At first glance, the tree branches scraping across the water of Katui Lake look like a mesmerizing piece of art as they create different shapes in the water. While their arrangement may appear random to outsiders, each branch serves the thousands of artisanal salt miners who depend on the lake for their livelihood, marking the boundaries of the salt fields.
“These sectors you see are properties we own,” said Sarah Tinditiina, a salt miner who has worked here for 13 years. Tinditina scrapes rock salt from the lake bed every day. “We spent many hours in the evaporating water, which is why I felt very thirsty.”
Lake Katwe, located in Kasese District in western Uganda, is the country’s largest salt-producing lake and an important resource for Uganda’s growing salt industry. According to the United Nations Commodity Trade Statistics Database (among others including the Democratic Party), Uganda will Salt worth US$7.4 was exported in the year. Republic of Congo, Rwanda and Sudan.
Artisanal mining refers to the manual extraction of minerals using simple tools by workers who are not formally employed by mining companies. The practice of extracting salt from Katui Lake is a centuries-old tradition that dates back to pre-colonial times. Many of the salt pans on the lakeshore have been owned by the same family for decades, passed down from generation to generation. The lake has attracted an influx of job seekers in recent years. Today, an estimated 10,600 miners work here, the majority of whom are women. This is an increase of almost 50% compared to a decade ago.
Salt miners, whose weekly earnings range from 40,000 Ugandan shillings ($10) to 1 million shillings ($272), see hope in life in the lake. But many people are also worried about their health.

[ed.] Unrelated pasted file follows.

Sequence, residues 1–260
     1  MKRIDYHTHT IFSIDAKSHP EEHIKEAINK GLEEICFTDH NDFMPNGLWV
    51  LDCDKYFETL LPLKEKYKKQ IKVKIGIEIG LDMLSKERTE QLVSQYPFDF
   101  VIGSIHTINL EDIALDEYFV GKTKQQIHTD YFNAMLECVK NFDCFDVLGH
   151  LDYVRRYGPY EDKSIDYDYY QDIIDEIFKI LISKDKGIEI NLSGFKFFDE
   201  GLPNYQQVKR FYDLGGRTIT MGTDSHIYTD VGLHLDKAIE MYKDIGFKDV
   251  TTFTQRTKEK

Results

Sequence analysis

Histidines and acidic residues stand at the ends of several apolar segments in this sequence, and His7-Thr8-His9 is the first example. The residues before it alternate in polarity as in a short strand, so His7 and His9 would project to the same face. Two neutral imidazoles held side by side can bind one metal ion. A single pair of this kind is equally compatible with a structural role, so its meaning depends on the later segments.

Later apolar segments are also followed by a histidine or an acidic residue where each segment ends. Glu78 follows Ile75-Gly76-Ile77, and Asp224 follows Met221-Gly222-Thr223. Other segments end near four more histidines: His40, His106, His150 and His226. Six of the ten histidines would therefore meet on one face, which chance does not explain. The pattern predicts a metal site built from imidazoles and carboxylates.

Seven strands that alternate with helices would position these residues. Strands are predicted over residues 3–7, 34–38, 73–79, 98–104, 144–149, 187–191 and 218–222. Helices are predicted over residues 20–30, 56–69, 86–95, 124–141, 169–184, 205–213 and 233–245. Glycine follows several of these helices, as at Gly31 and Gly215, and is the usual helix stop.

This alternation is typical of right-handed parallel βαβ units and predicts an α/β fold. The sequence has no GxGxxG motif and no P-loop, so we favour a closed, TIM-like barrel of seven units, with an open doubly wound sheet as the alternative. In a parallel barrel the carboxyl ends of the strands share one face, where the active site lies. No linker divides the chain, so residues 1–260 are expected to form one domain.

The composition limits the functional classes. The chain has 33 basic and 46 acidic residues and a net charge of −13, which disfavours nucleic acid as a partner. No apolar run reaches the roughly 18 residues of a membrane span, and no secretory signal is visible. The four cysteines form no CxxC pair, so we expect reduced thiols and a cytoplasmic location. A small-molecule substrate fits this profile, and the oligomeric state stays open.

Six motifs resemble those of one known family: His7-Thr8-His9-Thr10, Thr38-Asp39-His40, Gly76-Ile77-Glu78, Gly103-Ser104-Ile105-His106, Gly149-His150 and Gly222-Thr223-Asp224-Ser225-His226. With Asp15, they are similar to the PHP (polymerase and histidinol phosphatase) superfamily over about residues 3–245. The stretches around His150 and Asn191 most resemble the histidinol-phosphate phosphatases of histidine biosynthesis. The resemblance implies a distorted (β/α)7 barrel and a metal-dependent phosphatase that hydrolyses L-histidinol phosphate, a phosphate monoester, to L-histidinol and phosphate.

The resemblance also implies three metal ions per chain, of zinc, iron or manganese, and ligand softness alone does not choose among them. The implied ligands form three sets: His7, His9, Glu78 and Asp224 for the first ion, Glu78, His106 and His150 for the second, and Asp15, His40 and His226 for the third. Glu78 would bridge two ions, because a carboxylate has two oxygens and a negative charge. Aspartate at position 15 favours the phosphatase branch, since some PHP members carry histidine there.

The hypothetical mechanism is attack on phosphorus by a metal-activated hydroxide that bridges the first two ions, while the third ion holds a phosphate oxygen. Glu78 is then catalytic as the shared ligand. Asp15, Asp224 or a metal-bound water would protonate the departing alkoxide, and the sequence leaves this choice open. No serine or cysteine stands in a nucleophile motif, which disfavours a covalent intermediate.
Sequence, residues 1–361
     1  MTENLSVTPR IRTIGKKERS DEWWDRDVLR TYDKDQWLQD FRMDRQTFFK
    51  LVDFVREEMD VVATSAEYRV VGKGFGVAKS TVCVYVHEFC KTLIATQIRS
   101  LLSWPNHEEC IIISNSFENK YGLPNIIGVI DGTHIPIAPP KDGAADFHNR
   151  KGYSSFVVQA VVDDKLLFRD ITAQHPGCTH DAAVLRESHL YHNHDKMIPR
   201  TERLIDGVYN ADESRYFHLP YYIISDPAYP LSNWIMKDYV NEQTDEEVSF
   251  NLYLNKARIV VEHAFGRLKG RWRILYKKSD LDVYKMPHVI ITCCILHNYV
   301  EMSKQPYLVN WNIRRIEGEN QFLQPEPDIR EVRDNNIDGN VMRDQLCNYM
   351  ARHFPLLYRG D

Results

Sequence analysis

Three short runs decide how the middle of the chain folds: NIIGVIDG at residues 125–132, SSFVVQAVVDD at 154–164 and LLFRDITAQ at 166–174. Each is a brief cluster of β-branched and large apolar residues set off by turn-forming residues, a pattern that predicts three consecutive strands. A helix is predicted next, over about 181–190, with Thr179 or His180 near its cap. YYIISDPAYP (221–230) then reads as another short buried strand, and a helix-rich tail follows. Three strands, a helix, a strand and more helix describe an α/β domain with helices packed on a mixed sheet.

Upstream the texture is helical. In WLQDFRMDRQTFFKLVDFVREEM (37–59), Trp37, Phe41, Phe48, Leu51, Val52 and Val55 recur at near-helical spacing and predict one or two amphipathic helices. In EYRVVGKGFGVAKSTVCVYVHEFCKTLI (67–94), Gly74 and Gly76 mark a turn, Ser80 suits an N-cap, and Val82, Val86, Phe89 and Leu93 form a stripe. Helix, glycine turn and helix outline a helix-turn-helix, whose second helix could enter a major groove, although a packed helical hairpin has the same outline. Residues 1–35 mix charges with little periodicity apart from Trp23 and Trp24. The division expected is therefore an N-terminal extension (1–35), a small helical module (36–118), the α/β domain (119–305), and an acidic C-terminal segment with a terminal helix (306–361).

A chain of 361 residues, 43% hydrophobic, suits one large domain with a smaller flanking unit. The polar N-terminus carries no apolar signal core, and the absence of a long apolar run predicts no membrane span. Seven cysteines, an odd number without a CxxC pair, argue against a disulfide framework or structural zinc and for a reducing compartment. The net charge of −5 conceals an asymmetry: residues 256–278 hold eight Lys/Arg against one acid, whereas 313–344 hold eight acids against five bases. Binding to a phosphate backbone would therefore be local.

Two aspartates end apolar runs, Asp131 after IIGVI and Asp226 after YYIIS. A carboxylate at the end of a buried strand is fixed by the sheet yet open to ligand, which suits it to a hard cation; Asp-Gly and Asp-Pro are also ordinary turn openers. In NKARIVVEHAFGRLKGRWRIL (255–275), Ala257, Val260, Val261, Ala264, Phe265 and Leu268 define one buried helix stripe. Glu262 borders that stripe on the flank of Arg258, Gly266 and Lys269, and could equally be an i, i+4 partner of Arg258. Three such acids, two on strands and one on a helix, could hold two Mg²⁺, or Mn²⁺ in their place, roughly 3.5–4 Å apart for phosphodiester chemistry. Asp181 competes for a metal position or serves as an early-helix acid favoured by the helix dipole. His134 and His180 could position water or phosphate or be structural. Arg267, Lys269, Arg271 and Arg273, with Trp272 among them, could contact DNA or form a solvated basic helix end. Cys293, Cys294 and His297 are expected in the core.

According to a 2018 report by the United Nations Development Program, salt mine workers who have been immersed in water bodies for long periods of time face the risk of sewage-borne diseases such as typhoid, cholera and diarrhea due to a lack of toilets. The report also found that long-term exposure to salt water can cause inflammation of reproductive organs and affect miners’ fertility rates. Men reported genital malformations, and female miners reported frequent miscarriages and infertility.
However, local medical experts interviewed by Global News Daily expressed doubts about the link between salt water and low birth rates. “The miners were worried that their body parts would be affected, but nothing happened,” said Paul Kaduyu, a gynecologist at Kampala’s Mengo Hospital. However, medical experts confirm that exposure to salt water can cause skin conditions that, if not treated properly, can worsen and lead to skin ulcers and infections.